Replied to E-Learning 3.0: Conversation with Ben Werdmuller by Jenny Mackness
I have used both Dreamweaver and GoDaddy to create websites in the past and found them hard work. I have considered whether to move this WordPress site to Reclaim Hosting, but there is very little cost difference (I only pay for two plugins which I renew each year on WordPress) and I am very happy with WordPress. I find it easy to use. I do use a template which I am not 100% happy with, but I don’t feel strongly enough about it to take full responsibility for my own website.
Interesting reflection Jenny on owning your own domain. I am an advocate for this, being both immersed in the IndieWeb and using Reclaim Hosting, however I am mindful that one size never fits all. I always come back to this post from Mike Caulfield.
Replied to Talking about dying by jennymackness (Jenny Connected)
Having watched ‘Awakenings’ I think I should have had more faith that she could ‘hear me’. I remember on the day before she died the District Nurse told me to go and sit with my mother and talk to her. I felt awkward about this. I hadn’t had a conversation with my mother, or really talked to her, for years. But I did what the nurse told me to and the last thing I said to my mother was that she was not to worry, she would not be moved from her home into a hospital (her wish was always to die in her own home) and she would not be left alone. At the time I wondered whether she had heard or understood me, but now, with hindsight, I think that she did, and that she knew I was her daughter and was reassured that she would die at home. My regret is that I didn’t talk to her more during her last weeks.
Thank you for sharing Jenny.

I think that I was probably in denial as I watched my mother die of cancer. The biggest shock was the body transformation. I cannot think of any film (I have not seen Awakenings) that authentically reflects this. Maybe I was naive? Not sure what I did expect. Was a challenge none the less.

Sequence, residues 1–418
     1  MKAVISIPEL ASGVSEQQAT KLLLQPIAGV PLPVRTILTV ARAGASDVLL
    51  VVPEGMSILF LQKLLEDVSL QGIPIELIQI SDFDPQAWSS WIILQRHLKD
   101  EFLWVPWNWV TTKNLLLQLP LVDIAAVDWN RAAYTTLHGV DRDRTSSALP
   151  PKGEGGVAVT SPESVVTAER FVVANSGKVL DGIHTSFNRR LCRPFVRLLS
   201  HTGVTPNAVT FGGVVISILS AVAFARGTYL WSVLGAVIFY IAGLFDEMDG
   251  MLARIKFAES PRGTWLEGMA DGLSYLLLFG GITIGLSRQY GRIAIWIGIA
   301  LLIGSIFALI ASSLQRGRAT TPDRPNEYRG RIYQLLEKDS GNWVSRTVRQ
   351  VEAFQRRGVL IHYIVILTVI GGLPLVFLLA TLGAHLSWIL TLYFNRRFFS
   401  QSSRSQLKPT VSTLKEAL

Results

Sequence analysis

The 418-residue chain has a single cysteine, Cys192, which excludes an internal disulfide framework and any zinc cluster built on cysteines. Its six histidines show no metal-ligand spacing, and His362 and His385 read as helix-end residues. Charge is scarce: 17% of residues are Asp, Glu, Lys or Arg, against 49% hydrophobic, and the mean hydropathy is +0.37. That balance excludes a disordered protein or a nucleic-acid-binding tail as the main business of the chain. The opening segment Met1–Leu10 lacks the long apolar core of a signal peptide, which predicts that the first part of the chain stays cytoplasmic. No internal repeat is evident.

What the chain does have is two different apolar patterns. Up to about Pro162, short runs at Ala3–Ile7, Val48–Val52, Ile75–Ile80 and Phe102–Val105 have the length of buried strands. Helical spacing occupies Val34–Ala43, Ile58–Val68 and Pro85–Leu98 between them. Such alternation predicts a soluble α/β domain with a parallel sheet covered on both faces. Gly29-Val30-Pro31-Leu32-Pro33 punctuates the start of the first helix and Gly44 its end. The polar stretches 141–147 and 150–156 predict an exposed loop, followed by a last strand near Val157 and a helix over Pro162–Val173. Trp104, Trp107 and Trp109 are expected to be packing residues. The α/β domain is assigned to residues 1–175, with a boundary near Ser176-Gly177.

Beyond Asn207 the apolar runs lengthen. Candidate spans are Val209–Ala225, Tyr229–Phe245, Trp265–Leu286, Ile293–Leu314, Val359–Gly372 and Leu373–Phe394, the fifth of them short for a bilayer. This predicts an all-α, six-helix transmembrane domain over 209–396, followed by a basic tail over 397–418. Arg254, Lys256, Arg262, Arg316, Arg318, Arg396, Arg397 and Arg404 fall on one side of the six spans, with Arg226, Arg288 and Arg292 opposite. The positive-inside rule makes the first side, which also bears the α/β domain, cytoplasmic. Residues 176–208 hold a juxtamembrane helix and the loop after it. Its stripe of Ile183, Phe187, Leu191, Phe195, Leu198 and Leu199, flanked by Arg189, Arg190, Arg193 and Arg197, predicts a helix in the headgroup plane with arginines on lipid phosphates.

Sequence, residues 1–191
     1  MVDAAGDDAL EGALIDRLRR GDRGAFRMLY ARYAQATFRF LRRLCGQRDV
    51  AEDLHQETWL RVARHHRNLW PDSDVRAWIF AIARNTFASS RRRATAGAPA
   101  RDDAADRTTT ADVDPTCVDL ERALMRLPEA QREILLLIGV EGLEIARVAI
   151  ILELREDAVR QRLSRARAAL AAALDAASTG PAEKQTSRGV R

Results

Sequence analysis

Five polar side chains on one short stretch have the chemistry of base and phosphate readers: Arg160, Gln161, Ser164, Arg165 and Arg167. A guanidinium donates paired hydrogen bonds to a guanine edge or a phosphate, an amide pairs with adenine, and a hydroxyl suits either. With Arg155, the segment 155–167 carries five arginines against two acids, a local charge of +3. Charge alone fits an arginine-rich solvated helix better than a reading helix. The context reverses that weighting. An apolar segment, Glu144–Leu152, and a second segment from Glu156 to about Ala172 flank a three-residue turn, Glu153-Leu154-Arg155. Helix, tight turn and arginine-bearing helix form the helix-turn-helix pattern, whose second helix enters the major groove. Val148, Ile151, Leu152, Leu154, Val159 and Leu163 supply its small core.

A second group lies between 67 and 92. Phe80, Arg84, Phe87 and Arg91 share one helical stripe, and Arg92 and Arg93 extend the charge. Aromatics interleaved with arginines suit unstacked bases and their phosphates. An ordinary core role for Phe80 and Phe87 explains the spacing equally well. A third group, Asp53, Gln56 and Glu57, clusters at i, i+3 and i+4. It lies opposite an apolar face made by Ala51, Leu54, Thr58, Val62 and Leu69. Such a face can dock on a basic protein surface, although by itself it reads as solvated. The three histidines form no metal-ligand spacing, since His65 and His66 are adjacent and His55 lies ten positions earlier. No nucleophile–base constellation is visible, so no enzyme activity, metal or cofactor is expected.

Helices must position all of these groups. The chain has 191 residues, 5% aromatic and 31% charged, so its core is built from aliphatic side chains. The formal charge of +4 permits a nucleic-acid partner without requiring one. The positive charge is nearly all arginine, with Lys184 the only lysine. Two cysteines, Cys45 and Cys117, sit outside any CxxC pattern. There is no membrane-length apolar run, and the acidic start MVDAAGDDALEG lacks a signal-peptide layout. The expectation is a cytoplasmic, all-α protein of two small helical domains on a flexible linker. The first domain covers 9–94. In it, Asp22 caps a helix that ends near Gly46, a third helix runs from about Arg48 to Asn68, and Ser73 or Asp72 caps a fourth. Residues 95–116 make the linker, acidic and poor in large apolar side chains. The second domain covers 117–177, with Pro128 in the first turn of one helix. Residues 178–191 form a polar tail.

Something that you might be interested in (if you have not already come upon it in the past) is this podcast capturing Sacks’ last days:



One of the most moving things I have listened to.
Replied to E-Learning 3.0 : some initial thoughts by jennymackness (Jenny Connected)
Stephen then went on to discuss the significance of the Cloud and Graph elements of his diagram. Here he lost me. He told us that anyone could learn this if we put the effort in and that through this we would learn how to create new types of distributed and connected learning resources. I found myself thinking that I have always like driving; I know how to change a wheel, and when opening the bonnet where to top up the screen wash and oil. I can even jump start another car if necessary, but beyond this I am not interested. I take the car to the garage and let someone else with years of experience sort it out. Similarly with technology. I am simply not sufficiently interested to get into the nitty gritty. I am not interested in learning how to programme or learning different computer languages. I think there will probably be more people like me than technical experts (although maybe not on this course!), so I wonder what the implications of this are for a distributed model. Further, I like the fact that I can come to this course and know that Stephen has the experience, has done all the work and is willing to share this. I am grateful to him for this and his generous openness, but it does not make me want to learn programming 🙂
This course sounds interesting Jenny. Might have to take a look. I think that I must have overlooked it because of busyness.

I also like your point Jenny about driving and technology.

Liked Understanding ‘Betweenness’ – seeing beyond the parts by jennymackness (Jenny Connected)

I suspect that any attempt to fully articulate and define what ‘betweenness’ might mean is going to fail, if only because, if it is embedded in experience, then it will necessarily be personal to each and every one of us. The nearest anyone I know has come to presenting a holistic view of ‘betweenness’ as expressed by McGilchrist is Matthias Melcher with this map